Sudden Death: Not as bad as it seems
Overcoming fear is a top priority for almost every client I work with. While it may not be the apparent reason a person hires me, it is usually at the root everything. Take for instance a person looking to start a new career. There are many factors involved in learning a new skill or finding a new job, but the actual leap is where most people hesitate. It’s common for the mind to resist taking any kind of risk, especially one that involves money or relationships.
The survival instinct doesn’t want us to change course unless there is a situation that it feels needs to be avoided. Even when you have made up your mind to make a change, there are doubts and uncomfortable feelings that come along with it which can cause stress and uncertainty.
So, how can you help yourself be brave in the face of your fears?
Use your brain to your advantage!
Face your fears mindfully: Many times the fear of something is worse than the actuality but when fear takes hold of you, even small things feel huge. Sometimes it feels like you would literally die if a fear came true. This seems like a good reason to avoid things that you’re afraid of but psychologists have found that if you face your fears in a controlled environment, or in small doses, your brain will actually be less afraid (Cognitive Behavioral Therapy uses this formula).
Now, I’m not suggesting that you go right out and do something that you dread just to “cure your fear!” and this is not for overwhelming anxiety or a phobia (please find a therapist if you are experiencing these). But, you can use your imagination and mindfulness to help quiet your fear monster. Here’s something to try: Set a timer for three minutes. Allow yourself to sit with your fear and focus on your breathing. When the fear comes up, say something to yourself like “I can feel this now because I am safe and I will be okay” or something that affirms your strength and courage. After the three minutes is up, do something that is enjoyable and will hold your attention (have your morning coffee; do some exercise you love; call a friend). Do this on a regular basis and see if you notice a difference when the fear arises! I bet you will!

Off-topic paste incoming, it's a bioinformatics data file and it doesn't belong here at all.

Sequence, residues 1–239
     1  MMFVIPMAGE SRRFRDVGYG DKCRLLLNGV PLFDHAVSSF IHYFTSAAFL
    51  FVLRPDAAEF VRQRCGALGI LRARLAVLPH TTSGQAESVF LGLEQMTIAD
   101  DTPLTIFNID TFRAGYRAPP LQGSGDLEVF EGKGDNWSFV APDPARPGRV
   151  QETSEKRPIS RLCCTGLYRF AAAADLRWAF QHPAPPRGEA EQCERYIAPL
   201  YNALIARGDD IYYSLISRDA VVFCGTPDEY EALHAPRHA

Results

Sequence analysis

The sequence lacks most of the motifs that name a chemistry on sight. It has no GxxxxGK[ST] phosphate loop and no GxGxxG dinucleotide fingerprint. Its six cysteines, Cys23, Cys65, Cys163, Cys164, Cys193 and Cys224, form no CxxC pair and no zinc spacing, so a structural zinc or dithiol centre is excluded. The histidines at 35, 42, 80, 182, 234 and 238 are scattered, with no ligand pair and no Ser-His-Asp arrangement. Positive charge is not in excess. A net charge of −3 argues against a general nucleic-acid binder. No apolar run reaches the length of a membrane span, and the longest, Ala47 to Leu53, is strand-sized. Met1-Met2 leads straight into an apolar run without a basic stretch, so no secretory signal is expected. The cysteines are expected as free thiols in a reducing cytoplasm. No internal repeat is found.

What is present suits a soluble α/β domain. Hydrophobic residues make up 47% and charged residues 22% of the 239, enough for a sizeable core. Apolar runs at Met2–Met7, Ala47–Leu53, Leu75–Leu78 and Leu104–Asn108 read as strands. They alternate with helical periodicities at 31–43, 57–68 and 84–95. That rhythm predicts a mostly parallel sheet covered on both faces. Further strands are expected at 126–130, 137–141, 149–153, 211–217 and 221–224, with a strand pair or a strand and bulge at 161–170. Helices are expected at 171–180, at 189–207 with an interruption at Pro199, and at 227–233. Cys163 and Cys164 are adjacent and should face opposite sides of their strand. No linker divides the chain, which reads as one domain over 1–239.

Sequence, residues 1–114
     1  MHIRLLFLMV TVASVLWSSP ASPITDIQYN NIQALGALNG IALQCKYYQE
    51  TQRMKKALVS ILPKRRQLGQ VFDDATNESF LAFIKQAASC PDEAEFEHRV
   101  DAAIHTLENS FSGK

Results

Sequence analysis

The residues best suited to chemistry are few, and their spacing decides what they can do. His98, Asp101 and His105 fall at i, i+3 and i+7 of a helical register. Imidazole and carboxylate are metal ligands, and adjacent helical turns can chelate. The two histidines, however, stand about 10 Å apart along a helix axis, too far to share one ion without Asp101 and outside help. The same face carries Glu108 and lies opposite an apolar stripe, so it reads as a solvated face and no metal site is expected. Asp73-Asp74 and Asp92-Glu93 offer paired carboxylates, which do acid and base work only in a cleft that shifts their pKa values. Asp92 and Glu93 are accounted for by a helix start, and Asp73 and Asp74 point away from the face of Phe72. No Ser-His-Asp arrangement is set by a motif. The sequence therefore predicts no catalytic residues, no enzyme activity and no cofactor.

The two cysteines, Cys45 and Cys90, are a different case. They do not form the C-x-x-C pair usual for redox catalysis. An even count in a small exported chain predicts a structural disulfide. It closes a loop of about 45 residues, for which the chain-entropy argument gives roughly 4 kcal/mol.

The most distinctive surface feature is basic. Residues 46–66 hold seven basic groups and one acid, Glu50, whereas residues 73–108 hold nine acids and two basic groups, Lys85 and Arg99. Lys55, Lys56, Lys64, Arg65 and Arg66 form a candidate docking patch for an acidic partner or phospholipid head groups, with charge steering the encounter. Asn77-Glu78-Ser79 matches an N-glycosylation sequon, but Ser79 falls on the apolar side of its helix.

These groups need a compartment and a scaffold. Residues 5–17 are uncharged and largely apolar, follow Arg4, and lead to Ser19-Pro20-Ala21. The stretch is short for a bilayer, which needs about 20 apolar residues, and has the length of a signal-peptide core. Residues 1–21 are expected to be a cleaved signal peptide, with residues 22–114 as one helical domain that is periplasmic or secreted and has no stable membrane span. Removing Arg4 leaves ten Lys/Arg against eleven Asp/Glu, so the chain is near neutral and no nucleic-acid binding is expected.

Imagine the worst-case scenario: Sometimes you need to think of the worst to realize that things aren’t as bad as they seem. For the sake of this exercise I’ll use the example of the fear of failing in changing careers. What would the worst-case scenario be? I imagine all of the hard work and struggle I have finding a new job. I don’t find one after looking for a year. I run out of savings and I have to go work at a job I hate. I still scour the want ads but no one is hiring. In fact, the whole field that I wanted to move into has dissolved. I am stuck working at the job I hate. I get fired from that job because I am so upset that I can’t have my dream career that I don’t meet the standards at work. I have to go live with my annoying cousins in a house with ten people. I collect unemployment because no one will hire me since I’ve been fired from my last job and I eventually end up being the crazy old lady who walks around town mumbling about my lost fortune.
Now, Dear Reader, I hope you’re chuckling at this point but I also want you to know that I was thinking of what would realistically happen should that fear come true. Notice that when I started predicting what would happen I did not include sudden death. When I read back over the description of the downward spiral I can see in how many ways it just doesn’t ring true. If I’m a person who has the determination to go through a career change in the first place then it stands to reason that I would also have the power to find some way to make things work. Many times, when you are afraid of something, you don’t think logically. Instead, you buy your fear story hook, line and sinker and go straight to feeling like you’re an old crazy cat lady. The next time you have a fear cropping up follow the thought out to its end. See how much less scary it would be if you don’t just skip straight to sudden death!
So there you are Dear Reader, the next time your brain goes haywire with fear use it to turn itself around and do things anyway!